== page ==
ABA Reports Delinquencies Improve Despite some Housing Loans
The American Bankers Associations (ABA) composite index of delinquencies in 11 loan categories fell 10 basis points in the fourth quarter of 2011 and each of the 11 loan types fell as well. ABA was particularly pleased with bank card performance where delinquencies fell eight basis points to a rate of 3.17 percent, the lowest since 2001. Delinquencies are defined as payments that are 30 or more days overdue.</p
Several housing-related categories of debt did not fare as well. ABA does not include first mortgages in their data but they do include home equity loans, property improvement loans, home equity lines of credit (HELOCs), and mobile home loans. While delinquencies in personal loans fell 17 basis points, direct auto loans 9, indirect auto loans 13, and marine loans 15, some loans in the housing sphere showed more modest improvement. Home equity loans fell just 4 basis points to 4.08 percent and property improvement loans were down 3 basis points to 0.93 percent. HELOCs performed well, dropping from a delinquency rate of 1.93 percent to 1.69 percent while mobile home delinquencies were down 32 basis points to 3.76 percent. </p
Overall, ABA Chief Economist James Chessen said the news was very encouraging. “You can’t get a better consumer credit report card than this,” he said. “It’s very rare that delinquencies improve in every single loan category. The last time that happened was in the fourth quarter of 2004.”</p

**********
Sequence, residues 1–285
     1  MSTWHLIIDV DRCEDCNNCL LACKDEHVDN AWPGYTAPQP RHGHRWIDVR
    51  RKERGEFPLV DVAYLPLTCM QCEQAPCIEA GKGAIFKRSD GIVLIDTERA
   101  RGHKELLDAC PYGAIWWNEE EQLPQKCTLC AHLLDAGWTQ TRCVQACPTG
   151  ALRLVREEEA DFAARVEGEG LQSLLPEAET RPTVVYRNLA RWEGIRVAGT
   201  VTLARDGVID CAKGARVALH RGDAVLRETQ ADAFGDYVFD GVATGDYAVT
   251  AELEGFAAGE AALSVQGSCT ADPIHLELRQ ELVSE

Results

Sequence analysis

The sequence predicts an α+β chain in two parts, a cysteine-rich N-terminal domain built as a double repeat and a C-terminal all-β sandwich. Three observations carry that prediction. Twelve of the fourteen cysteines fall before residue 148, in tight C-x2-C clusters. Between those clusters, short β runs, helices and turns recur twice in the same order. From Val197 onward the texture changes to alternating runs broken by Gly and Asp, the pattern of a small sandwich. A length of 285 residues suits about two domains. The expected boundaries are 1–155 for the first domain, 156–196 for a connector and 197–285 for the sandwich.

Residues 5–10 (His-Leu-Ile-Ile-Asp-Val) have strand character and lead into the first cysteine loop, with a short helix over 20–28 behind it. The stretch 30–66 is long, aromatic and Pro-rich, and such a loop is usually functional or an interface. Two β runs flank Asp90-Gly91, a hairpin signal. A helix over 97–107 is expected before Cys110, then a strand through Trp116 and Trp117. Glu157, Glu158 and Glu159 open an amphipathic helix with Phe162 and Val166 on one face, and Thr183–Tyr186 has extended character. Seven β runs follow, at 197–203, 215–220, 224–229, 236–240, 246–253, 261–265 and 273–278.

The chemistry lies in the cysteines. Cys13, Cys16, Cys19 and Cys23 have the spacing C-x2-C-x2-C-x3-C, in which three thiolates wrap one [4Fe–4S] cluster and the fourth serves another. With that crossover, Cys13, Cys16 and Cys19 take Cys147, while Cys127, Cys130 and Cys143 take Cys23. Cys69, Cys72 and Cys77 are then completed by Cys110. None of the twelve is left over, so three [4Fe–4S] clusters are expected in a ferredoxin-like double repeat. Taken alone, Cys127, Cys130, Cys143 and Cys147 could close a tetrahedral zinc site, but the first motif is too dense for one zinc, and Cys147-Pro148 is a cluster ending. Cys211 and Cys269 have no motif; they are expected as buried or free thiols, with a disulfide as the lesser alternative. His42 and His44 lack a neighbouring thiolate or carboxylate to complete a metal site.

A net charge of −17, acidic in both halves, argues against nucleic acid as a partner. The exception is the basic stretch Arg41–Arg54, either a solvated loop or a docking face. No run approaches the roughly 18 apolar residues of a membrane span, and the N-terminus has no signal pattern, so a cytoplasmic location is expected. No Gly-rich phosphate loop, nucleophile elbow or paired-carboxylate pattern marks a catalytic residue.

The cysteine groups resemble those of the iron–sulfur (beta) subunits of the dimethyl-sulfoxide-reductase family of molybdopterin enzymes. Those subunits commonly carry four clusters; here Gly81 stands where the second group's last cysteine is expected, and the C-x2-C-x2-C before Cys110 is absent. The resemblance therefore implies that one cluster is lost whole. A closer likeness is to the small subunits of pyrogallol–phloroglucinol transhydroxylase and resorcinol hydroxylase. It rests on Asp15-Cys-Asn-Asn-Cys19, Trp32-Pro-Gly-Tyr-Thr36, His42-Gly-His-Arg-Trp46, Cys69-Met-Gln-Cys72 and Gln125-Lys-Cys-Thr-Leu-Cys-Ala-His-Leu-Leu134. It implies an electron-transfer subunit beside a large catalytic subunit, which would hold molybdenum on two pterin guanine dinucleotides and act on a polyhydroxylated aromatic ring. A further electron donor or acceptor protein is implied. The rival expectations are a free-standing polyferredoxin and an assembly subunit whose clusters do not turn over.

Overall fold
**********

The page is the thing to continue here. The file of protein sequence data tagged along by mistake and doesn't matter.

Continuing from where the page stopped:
“Even with a strong quarter, there’s still room for improvement in delinquencies. Troublesome performance in housing-related loans is keeping overall delinquency rates elevated. The housing sector continues its painful adjustment, and it will take a long time before delinquency rates return to normal,” he said.</p
But consumers have reason to feel positive. “The economic tide at the end of 2011 lifted most boats. The deleveraging of consumer credit is paying dividends now. Consumers are being careful about taking on new debt; they’re managing the debt they do have much better and the amount of debt as a portion of income is going down.” He added, “The biggest concern I have now is retail gas prices.” </p
Looking forward, Chessen expects delinquency rates to improve but says they are unlikely to repeat this quarter’s unusual rate of improvement. </p
“The good news is that fewer people are losing their jobs and more people are becoming re-employed. Those two factors combined means more people are better positioned to meet their debt obligations,” he said.
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